Enrollment limited to 15
  Prerequisite: C- or better in ENGL 270 or permission of instructor.
  In this writing workshop, we explore the genre of creative nonfiction. The term "nonfiction" implies that the writer is telling the truth--that the reader can assume and trust that the writer is describing people who are real and events that have happened. The writer strives for accuracy, even if the nature of that accuracy remains within the bounds of human limitations. The adjective "creative" refers to the fact that in creative nonfiction there is an important transformation of life into art, through the use of poetic and fictional techniques. Our readings will enhance our understanding of how creative nonfiction essays are constructed; they will also serve as springboards for writing exercises. In writing workshops, the main focus of the course, we will produce various types of creative nonfiction. For English literature concentrators, this course satisfies the requirement of an elective. For English creative writing concentrators, this course satisfies the requirement of a 300-level workshop. For writing, rhetoric,and media arts minors, it counts as a core course. One requirement of this class is attendance at a minimum of two readings offered on campus by visiting writers.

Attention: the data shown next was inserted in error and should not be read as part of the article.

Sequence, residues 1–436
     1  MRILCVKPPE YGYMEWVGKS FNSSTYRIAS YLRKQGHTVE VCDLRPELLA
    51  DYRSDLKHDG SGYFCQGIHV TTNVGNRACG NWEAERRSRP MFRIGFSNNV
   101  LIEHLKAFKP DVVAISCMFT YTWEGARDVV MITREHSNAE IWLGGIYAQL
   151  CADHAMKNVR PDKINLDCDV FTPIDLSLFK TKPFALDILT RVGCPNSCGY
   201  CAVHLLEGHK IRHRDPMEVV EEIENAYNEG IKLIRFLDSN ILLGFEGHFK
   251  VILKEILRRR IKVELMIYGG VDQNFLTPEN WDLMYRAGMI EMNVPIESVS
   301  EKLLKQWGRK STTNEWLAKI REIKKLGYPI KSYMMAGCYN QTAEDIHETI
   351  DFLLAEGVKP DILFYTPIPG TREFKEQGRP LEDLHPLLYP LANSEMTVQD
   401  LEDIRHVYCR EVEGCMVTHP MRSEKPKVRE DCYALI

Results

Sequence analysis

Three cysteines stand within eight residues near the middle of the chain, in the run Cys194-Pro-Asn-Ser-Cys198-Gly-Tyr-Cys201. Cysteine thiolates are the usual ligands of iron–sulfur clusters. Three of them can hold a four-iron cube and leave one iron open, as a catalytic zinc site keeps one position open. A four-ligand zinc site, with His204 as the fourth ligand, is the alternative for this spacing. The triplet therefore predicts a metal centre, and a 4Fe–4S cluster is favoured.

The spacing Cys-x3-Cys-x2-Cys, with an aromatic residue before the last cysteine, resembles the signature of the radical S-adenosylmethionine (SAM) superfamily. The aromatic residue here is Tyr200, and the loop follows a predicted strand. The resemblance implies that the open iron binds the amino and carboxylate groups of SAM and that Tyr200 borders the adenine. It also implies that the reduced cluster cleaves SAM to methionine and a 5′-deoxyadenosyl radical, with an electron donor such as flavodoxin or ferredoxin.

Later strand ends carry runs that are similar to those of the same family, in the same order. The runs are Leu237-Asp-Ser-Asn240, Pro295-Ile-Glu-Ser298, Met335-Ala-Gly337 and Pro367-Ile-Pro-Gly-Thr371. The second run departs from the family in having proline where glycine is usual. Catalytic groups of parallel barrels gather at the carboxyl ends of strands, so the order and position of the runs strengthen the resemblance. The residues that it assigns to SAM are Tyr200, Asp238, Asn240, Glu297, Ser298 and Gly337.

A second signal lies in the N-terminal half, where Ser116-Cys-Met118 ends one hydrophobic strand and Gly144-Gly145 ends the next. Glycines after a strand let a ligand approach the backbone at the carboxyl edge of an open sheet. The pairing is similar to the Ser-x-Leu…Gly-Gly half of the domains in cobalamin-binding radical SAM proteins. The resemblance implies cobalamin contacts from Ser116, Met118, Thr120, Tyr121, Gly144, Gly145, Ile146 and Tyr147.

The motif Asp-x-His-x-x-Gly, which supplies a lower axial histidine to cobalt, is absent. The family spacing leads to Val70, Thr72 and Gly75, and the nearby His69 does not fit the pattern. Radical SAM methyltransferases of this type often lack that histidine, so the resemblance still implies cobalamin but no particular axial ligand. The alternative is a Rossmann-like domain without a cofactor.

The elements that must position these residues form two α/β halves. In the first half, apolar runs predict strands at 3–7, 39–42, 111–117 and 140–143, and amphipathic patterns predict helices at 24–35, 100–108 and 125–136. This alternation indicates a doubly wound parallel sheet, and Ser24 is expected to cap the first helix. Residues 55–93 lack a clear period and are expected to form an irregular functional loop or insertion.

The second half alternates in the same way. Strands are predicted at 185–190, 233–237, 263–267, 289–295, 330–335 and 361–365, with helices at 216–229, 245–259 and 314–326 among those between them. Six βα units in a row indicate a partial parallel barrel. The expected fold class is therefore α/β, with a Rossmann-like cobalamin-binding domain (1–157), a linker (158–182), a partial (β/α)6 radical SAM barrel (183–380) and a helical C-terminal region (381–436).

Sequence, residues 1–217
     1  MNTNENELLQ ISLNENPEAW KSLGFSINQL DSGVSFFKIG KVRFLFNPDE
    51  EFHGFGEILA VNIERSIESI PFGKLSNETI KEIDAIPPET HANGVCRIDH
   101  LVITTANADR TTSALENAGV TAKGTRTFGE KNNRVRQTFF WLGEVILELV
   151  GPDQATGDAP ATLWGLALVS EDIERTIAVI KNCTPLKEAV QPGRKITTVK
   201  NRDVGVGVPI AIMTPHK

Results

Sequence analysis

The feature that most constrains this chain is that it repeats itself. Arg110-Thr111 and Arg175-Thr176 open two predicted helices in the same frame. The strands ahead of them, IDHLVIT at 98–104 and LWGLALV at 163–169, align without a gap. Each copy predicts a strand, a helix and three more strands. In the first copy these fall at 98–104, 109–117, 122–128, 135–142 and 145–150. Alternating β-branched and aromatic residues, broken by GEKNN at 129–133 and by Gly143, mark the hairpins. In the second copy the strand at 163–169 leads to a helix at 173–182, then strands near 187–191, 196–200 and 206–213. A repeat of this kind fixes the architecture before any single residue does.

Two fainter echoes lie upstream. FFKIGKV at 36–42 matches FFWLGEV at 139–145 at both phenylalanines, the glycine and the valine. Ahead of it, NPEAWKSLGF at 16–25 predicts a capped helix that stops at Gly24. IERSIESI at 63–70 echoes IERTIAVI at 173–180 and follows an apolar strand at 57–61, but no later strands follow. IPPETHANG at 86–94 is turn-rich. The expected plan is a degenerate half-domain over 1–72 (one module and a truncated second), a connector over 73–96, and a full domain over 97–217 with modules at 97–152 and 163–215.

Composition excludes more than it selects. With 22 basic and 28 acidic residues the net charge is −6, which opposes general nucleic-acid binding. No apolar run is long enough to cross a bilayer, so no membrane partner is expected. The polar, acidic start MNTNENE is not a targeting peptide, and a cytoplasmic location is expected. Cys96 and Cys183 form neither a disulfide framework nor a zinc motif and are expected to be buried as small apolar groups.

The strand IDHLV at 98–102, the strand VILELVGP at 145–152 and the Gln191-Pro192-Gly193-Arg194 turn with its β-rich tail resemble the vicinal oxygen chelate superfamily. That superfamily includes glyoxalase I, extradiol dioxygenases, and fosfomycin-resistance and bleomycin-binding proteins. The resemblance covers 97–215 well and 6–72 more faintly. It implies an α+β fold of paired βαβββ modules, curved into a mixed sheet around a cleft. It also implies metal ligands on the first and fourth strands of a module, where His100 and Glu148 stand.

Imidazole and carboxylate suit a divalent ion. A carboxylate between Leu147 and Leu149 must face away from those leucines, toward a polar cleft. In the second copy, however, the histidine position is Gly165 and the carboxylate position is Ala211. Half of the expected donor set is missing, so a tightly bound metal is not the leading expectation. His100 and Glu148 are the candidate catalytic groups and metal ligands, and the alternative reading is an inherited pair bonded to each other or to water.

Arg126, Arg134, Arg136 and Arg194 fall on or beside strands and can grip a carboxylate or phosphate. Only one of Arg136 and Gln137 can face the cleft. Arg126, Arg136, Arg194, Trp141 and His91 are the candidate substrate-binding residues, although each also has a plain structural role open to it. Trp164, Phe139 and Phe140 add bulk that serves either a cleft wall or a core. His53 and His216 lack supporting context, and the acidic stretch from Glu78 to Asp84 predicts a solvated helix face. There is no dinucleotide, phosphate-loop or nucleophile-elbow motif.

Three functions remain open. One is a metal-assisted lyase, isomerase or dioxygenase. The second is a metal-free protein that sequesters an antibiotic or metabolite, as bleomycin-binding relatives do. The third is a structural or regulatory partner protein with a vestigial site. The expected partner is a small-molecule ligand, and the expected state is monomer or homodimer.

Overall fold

4047 ENGL-334-01 Adv Cr Writing:Fiction 1.00 SEM Goldman,Francisco T: 6:30PM-9:10PM 115V - 103 ART  
  Enrollment limited to 15
  Prerequisite: C- or better in ENGL 270 or permission of instructor.
  NOTE: One requirement of this class is attendance at a minimum of two readings offered on campus by visiting writers.